Examining the evidence for whether a neuropsychiatric symptom is directly caused by lupus

Examining the evidence for whether a neuropsychiatric symptom is directly caused by lupus

The latest INSPIRE research suggests that some neuropsychiatric (NP) symptoms may be more likely to be directly caused by SLE than previously thought. Treatments for SLE may help with some NP symptoms in some cases. There may be a lot of variation between individuals, so it’s important that there is more time given in appointments to discussing NP symptoms so that patients and doctors can work together to make sense of a patient’s symptoms.

What are neuropsychiatric symptoms?

“Neuropsychiatric” (NP) symptoms refers to symptoms that involve the brain, the nervous system, or mental health. That means the term “NP symptoms” covers a wide range, including dizziness, headaches, tremors, anxiety, low mood, hallucinations, and seizures. Fatigue, one of the most commonly reported symptoms of lupus, may also be considered an NP symptom in some cases.

What is the INSPIRE study?

INSPIRE is a project investigating NP symptoms in lupus and similar conditions, comparing the experiences and views of patients and healthcare professionals. There are a series of different studies as part of the INSPIRE project. You can read about INSPIRE’s previous studies here:
An investigation of how common NP symptoms are in conditions like lupus
What evidence doctors use to diagnose NP symptoms in lupus

LUPUS UK has contributed funding to the INSPIRE project.

What was this study trying to find out?

There are lots of different views on whether different NP symptoms are caused by the lupus directly or by something else, like medication side effects or the difficulties of living with a chronic illness. This is called “attribution” of symptoms, and is important because there can be different treatments depending on what is causing the symptoms.

This study looked at different kinds of evidence from patients to try and work out how likely it is that different NP symptoms could be attributed to lupus directly.

What did this study do?

The researchers collected different kinds of evidence by using surveys and interviews with people with SLE and from healthcare professionals involved in their care. To help them work out whether a symptom may be due to lupus directly or due to the difficulties of living with a chronic condition (indirectly), they compared the results from people with SLE to results from people with inflammatory arthritis (IA). Doctors they spoke to felt that IA would be a good comparison as they thought it was a chronic condition with a similar level of indirectly caused NP symptoms, but with less directly caused NP symptoms. Higher levels of a symptom in SLE than in IA could then suggest it was caused by the lupus itself.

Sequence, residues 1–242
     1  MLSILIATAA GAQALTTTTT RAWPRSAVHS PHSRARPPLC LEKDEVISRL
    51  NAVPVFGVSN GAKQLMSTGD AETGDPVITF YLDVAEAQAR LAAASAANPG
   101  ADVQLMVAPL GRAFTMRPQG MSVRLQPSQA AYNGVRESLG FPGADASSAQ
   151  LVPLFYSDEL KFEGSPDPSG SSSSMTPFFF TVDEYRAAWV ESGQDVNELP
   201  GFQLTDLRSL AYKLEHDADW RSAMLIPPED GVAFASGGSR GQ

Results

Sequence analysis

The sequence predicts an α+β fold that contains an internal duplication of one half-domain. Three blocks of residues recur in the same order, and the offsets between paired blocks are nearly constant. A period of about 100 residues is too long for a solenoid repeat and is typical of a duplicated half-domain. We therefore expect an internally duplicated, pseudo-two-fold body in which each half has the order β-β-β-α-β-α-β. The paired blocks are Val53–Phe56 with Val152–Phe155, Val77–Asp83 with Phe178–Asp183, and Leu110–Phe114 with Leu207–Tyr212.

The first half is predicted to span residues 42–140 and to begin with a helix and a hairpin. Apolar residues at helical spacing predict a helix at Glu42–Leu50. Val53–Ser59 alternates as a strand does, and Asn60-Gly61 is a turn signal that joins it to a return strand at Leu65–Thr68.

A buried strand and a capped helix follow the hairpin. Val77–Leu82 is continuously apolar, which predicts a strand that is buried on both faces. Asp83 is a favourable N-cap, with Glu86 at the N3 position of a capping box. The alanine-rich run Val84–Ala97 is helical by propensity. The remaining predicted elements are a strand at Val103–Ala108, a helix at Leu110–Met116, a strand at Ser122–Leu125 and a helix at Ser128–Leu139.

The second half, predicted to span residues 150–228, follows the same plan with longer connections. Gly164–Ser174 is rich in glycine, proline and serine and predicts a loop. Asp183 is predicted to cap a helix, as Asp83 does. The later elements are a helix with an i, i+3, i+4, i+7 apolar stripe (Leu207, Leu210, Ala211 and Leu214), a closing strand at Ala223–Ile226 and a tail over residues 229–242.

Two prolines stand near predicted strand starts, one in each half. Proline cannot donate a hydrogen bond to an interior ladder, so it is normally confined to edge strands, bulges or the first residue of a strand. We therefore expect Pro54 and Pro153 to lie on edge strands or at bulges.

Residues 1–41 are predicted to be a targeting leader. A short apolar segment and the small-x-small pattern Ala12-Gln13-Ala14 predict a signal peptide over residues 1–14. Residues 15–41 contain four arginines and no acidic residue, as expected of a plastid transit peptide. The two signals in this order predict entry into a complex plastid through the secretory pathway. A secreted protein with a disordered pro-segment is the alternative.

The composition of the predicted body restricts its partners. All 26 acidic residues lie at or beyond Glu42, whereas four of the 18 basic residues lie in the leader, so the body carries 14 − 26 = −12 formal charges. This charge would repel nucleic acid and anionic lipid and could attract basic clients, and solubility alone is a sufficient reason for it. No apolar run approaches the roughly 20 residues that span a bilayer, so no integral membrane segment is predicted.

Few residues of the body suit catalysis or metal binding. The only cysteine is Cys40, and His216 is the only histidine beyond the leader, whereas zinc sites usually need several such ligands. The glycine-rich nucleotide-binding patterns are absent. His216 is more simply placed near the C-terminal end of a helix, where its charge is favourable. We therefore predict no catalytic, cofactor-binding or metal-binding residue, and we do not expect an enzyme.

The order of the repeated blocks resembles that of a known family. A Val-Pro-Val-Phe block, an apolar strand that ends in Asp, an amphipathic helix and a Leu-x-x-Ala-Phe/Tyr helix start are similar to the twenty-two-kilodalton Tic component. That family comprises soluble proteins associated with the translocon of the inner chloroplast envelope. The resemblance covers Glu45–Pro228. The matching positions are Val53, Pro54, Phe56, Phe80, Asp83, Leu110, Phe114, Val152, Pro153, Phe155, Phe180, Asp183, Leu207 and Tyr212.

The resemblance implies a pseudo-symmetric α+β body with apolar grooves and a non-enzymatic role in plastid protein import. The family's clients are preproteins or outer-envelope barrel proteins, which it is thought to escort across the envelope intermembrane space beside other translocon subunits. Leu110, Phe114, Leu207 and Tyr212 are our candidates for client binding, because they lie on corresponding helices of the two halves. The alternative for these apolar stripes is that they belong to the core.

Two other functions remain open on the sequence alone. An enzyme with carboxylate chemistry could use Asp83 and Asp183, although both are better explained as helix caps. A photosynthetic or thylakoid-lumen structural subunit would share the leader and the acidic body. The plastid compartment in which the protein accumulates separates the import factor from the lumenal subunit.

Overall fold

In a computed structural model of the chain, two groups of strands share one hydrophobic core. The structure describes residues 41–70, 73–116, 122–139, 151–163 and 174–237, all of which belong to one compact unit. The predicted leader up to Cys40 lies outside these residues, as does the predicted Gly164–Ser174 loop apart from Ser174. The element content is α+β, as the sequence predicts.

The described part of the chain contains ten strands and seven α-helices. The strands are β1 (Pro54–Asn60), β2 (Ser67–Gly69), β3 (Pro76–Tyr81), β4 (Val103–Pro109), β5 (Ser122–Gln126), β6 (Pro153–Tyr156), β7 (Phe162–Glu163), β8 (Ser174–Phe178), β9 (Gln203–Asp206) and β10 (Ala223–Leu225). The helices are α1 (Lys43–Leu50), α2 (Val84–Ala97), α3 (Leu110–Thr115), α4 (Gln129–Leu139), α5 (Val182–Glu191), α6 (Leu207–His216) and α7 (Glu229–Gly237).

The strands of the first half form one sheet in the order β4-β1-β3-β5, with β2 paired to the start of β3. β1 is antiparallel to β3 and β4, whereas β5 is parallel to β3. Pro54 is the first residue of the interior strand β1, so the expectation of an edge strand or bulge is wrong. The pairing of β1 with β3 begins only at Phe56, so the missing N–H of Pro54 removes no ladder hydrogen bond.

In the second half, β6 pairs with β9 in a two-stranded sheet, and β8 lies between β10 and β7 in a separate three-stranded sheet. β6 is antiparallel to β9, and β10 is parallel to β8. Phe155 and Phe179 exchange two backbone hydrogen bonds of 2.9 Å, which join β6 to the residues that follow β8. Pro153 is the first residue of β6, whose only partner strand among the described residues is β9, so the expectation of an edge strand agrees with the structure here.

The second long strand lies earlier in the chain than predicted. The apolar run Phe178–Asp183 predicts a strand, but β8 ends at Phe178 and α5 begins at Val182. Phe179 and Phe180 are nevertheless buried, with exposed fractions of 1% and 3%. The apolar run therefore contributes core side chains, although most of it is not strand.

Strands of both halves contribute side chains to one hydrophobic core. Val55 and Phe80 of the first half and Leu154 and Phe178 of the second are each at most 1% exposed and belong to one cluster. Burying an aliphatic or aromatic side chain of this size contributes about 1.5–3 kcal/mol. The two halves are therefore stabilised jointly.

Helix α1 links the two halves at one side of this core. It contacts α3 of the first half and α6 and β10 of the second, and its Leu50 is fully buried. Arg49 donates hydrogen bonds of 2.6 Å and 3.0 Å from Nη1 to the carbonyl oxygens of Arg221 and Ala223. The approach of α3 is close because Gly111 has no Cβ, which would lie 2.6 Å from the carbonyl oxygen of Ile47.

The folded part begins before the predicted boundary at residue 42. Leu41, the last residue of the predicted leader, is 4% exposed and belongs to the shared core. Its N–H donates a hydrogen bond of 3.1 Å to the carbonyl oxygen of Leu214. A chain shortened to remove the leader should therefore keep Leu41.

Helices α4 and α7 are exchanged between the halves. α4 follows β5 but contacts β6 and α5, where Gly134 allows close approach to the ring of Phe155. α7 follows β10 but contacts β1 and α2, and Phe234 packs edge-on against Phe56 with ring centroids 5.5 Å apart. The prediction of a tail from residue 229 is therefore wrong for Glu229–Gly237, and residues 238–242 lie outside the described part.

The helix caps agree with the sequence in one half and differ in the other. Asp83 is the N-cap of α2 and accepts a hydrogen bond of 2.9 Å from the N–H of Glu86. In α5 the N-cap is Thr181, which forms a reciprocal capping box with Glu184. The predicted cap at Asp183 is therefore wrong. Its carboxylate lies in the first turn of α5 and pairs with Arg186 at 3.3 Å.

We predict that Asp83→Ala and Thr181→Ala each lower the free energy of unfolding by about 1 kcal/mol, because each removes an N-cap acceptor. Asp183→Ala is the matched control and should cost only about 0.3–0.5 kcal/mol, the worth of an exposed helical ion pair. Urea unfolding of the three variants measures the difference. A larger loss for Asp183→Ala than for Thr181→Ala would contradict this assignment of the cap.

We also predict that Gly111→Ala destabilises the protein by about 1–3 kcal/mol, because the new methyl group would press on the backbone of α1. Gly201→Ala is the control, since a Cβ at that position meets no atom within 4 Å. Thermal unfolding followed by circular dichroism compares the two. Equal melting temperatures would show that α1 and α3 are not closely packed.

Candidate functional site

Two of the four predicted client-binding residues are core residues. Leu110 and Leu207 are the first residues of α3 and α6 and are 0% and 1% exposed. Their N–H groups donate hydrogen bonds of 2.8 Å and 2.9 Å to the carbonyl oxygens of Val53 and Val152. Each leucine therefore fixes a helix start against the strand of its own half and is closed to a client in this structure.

The evidence they collected included:
• How often people experienced different NP symptoms.
• Whether taking corticosteroids for their lupus had any impact on those symptoms.
• Whether NP symptoms happened at the same time as other SLE symptoms.

What did they find out?

A woman in a doctor's appointment. The doctor is showing her some test results.Their main findings were:

• People with SLE experienced a wider range of NP symptoms than people with IA or without an inflammatory condition.

• Interviews with people with SLE and those with IA suggested that both conditions caused a similar level of NP symptoms caused by the difficulties of living with a chronic illness. This suggests that the higher levels of NP symptoms in SLE might be attributed directly to the lupus.

• Fatigue, hallucinations, feelings of unreality, and severe headache were rated as the symptoms most responsive to corticosteroid treatment. This may suggest that they may be more likely to be directly caused by the lupus. However, it is complicated for some symptoms due to the side effects of medication. For example, some people get a temporary increase in energy when taking steroids, which may be the reason fatigue improves.

• Fatigue, very low mood, and cognitive dysfunction were rated as the NP symptoms most likely to happen at the same time as other signs of a flare of SLE.

• Doctors and patients both reported that it was difficult to explore and untangle the causes of NP symptoms in appointments as there wasn’t enough time, or the time needed to be given to symptoms which were more clearly related to the lupus.

• When the researchers looked at all the different pieces of evidence together, it was difficult to say for certain if particular NP symptoms were directly caused by the lupus as the evidence didn’t always agree. The findings suggested that hallucinations and severe headache were the NP symptoms most directly attributable to lupus itself.

What were the conclusions and recommendations?

The researchers suggest that some common NP symptoms, such as severe headaches, may be more attributable to SLE itself than previously thought. They also suggested that existing immunosuppressive treatments may help with some NP symptoms, and this could be looked at in further research or trials. However, doctors have to consider a balance in any risk of harm or side effects from treatment, the possible benefits, and the uncertainty about whether a symptom is directly caused by lupus.

The researchers also suggest that there can be variation between individual people in which NP symptoms may be more likely to be directly caused by their lupus. They said that there needs to be more time in appointments given to NP symptoms, so that doctors and patients can work together to make sense of whether an NP symptom may be directly caused by SLE for that individual patient.

What happens next?

The INSPIRE team is continuing to study NP symptoms in lupus and other systemic autoimmune rheumatic diseases.

You can read the full scientific paper of this study on the journal’s website here.


Print Friendly, PDF & Email